Monday, March 16, 2009

Cold weather policy



Our cold weather policy varies depending on the time of the year. In early winter the weather always seems colder because none of us; chickens, goats as well as we humans, are use to the cooler temperatures. It is all relative. So we dress warmer and the goats shiver a bit until their winter coats grow in. Our bucks have a more insulated and smaller stall that holds the heat better, so generally they just get their heat lamp turned on when it gets colder than ten bellow zero. Right now it is on a timer to come on for an hour around midnight, just as a treat to get their area a little warmer for a comfy sleep. For most the winter I plug the girls' heat lamp in once the temperature gets below zero and unplug it when it warms up. Yesterday it was twenty below in the morning and ten below in the afternoon. It felt cold, but it was clear and sunny out which made it pretty nice out still. All the goats were out for most the day and I didn't see anyone acting cold. When it was ten below in December, everyone was much more reluctant to come outside. The goats have heated water tanks outside. We feed them grain and hay outside once or twice daily depending on the time of year. So no matter how cold it is, they have to get out and stretch their legs and get some fresh...cold air. If it is thirty below zero, or really windy or just snowing or raining hard, I will throw some hay into their stalls.Here is a picture of Xanadu on her way to get a drink. I shoveled a path to their water tank because the snow was so deep. I think snow in their feet seems to bother them more than the cold.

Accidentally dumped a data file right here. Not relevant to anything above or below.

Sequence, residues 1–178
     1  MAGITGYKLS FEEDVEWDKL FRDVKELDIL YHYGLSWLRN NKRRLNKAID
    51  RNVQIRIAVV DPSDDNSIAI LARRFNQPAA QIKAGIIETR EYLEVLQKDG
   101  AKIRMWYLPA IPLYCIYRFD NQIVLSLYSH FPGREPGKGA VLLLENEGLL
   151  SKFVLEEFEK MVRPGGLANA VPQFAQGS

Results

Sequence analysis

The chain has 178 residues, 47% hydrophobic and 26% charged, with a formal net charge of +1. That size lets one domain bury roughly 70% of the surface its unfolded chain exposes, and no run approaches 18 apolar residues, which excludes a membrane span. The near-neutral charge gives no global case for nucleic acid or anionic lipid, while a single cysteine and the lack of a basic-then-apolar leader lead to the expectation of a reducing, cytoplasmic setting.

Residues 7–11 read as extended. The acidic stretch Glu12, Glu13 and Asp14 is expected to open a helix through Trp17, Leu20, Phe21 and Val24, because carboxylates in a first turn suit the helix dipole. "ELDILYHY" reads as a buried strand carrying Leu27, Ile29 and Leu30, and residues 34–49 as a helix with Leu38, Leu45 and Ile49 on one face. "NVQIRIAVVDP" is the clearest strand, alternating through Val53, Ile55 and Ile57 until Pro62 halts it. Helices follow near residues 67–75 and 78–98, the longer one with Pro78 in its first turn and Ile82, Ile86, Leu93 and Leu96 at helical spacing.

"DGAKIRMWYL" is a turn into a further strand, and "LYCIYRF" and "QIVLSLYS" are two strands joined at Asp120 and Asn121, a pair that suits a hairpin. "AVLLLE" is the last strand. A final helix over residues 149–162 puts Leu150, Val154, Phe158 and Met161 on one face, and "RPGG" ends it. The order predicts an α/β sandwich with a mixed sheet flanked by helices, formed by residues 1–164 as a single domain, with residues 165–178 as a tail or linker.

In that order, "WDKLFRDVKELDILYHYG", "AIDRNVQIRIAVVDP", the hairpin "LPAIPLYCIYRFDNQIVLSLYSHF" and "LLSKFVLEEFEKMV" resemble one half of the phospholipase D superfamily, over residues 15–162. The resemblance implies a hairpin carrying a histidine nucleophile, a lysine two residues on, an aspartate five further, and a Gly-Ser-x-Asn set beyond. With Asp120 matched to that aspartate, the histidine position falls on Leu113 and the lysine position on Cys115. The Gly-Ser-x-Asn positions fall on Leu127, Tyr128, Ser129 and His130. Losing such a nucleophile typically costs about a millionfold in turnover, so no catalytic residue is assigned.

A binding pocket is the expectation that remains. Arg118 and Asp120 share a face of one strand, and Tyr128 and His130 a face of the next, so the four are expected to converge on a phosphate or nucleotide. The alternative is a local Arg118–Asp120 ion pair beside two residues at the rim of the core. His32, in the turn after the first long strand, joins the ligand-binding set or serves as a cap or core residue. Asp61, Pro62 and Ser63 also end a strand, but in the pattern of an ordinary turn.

The chickens are pretty hardy. They have a heat lamp in their house that is on a timer and we adjust it depending on how cold it is. It is a red lamp so it can be on at night time and not disturb their sleep cycle. We also have a regular light that comes on for thirteen hours during the day. The heat lamp hangs above their water, and usually keeps it from freezing. We usually wait to open the chickens door to their outside pen until it is close to noon - so its warmer out by then. We close them in after the sun goes down. If the temperature is below zero we often leave them inside for the day. If the temperature has been twenty or thirty below zero for a while, I'll let them out as soon as it warms up significantly, maybe even five or ten below feels warm by then, and the birds are excited to get out for a little while anyway. So far this winter we've only had one of our Sexlink birds get frost bit on her comb. The bigger birds spend a lot more time outside when it is cold than the smaller birds. Well there are not many cold days left, and the sunny days make a big difference.

4 comments:

Miriam and Fawn said...

I also live in Fairbanks,Alaska and wonder how warm is your coop? We have 37 hens and 2 roosters and our egg production took a HUGE hit. This is our first year with chickens. (I know 37 might be a bit much for newbies) We have light for 14 hrs a day and it stays right above freezing the coop. Thinking they must like it warmer.. a friend told us they like it around 42. Have you noticed your chickens liked it warmer?

Emily said...